50. Kaylee says:

    Oh, and if you do decide to stay in the US, I'd recommend Charleston, SC (or you could even do it as a long weekend trip some time). It's has so much southern charm and great beaches near by. Oviously the beach isn't a big November activity, but if you decide to travel during the summer, I'd recommend spending a few days in the city and then booking a room in one of the hotels on Kiawah Island and staying there for a few nights-it has amazing beaches (and great gold courses, if you and/or any travel companions enjoy golf).

  51. H says:

    Since you've received a plethora of suggestions, I thought I'd give you someone elses opinion on the, so you can gauge a little better.
    England -Americans tourists love it because of the language and it is charming, INDEED, but if you are only going to have one outside experience in so many years, I'd go somewhere a little more exotic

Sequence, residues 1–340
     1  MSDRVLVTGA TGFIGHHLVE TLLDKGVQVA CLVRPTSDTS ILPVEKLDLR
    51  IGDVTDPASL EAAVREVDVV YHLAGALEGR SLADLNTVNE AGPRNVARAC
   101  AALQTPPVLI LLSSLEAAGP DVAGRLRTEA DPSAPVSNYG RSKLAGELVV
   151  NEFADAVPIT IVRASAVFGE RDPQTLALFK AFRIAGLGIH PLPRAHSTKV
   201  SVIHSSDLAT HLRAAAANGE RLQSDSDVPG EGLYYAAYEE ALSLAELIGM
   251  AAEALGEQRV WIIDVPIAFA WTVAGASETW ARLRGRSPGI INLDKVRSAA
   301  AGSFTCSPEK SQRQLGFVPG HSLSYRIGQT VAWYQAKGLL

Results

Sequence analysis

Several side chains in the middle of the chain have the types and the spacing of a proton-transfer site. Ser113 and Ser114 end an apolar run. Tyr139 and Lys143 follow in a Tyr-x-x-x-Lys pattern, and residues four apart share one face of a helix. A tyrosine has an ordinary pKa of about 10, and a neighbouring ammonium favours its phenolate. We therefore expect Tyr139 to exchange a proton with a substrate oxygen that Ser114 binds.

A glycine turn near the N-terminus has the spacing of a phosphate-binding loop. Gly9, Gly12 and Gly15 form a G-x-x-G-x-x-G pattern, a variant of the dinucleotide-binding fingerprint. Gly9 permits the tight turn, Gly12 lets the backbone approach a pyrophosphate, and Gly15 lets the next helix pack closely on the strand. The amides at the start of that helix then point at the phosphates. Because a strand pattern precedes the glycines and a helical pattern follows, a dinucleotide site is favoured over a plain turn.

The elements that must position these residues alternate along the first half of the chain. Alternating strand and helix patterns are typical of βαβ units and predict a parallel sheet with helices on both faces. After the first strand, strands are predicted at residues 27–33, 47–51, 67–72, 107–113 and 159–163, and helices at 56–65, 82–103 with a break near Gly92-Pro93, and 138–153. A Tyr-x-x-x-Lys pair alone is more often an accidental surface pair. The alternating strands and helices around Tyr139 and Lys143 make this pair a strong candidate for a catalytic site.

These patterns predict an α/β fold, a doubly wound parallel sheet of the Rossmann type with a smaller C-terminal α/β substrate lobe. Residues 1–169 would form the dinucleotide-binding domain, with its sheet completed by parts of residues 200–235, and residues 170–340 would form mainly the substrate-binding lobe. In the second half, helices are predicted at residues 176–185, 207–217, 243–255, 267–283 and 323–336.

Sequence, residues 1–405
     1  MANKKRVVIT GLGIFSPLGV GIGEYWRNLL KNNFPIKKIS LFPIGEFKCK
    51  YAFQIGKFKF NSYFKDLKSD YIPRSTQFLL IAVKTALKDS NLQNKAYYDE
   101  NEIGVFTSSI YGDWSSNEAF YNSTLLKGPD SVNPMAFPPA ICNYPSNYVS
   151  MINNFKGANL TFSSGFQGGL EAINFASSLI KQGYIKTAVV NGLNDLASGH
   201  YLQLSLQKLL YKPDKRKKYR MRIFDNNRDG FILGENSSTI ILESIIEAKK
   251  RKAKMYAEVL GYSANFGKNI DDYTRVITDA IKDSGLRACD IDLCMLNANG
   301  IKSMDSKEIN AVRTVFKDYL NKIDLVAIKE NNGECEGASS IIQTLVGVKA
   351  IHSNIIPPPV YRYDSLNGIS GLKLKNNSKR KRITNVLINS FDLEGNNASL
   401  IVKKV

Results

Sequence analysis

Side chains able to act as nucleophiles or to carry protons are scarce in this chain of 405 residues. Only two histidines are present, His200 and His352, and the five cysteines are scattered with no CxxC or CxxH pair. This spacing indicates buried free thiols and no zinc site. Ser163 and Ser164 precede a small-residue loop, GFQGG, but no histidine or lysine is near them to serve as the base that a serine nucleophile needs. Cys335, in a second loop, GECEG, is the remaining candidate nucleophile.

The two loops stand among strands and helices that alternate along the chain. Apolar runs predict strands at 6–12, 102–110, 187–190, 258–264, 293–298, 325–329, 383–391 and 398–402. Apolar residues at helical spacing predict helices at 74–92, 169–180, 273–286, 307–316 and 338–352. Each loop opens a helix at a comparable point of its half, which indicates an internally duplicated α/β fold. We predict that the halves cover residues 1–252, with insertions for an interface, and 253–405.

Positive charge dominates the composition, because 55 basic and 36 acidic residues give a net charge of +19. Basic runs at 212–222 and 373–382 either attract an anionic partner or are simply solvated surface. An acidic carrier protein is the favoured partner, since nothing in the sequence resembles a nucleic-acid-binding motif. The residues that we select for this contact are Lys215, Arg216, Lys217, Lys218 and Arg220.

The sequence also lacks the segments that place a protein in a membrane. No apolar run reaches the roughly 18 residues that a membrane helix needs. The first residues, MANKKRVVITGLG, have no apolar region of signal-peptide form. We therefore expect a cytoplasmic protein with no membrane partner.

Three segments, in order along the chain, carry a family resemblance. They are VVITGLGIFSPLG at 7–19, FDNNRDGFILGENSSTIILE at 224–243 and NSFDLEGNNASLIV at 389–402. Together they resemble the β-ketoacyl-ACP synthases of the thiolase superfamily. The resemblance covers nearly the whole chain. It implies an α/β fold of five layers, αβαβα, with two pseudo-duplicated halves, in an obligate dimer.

Cinque Terre, Positano or the Amalfi Coast – pretty but absolutely not off the beaten path, though in November it should be relatively empty with mild (but not warm) weather
    South Africa – its brilliant there, but you need longer than 1 week
    Greece – its a great destination, especially out of season in November; touristy enough to not make you feel unsafe
    Iceland – amazing!
    Charleston – definitely worth it, though in November you may wanna think about going further South for better weather
    Belize – awesome, for a first foreign travel experience its probably better if you have some Spanish proficiency and aren't terribly squeamish about traveling by yourself as a woman
    Barcelona – its amazing, great weather in November
    Moscow and Helsinki – great cities, would recommend those for a 2nd or 3rd trip though, rack up some intl. travel experience first, especially Russia can be a bit intimidating and both seem too cold in November
    Bahamas – if a resort is what you are going for, I'd go to something a bit more outlandish like Grenada
    Australia – sounds like too far for you
    Brazil – awesome, but if you speak Spanish I'd go somewhere in South America where they speak it
    Yucatan – great, in Hurricane season not so much, also pretty touristy
    Argentina – incredible, though might also a bit far / too big for such a trip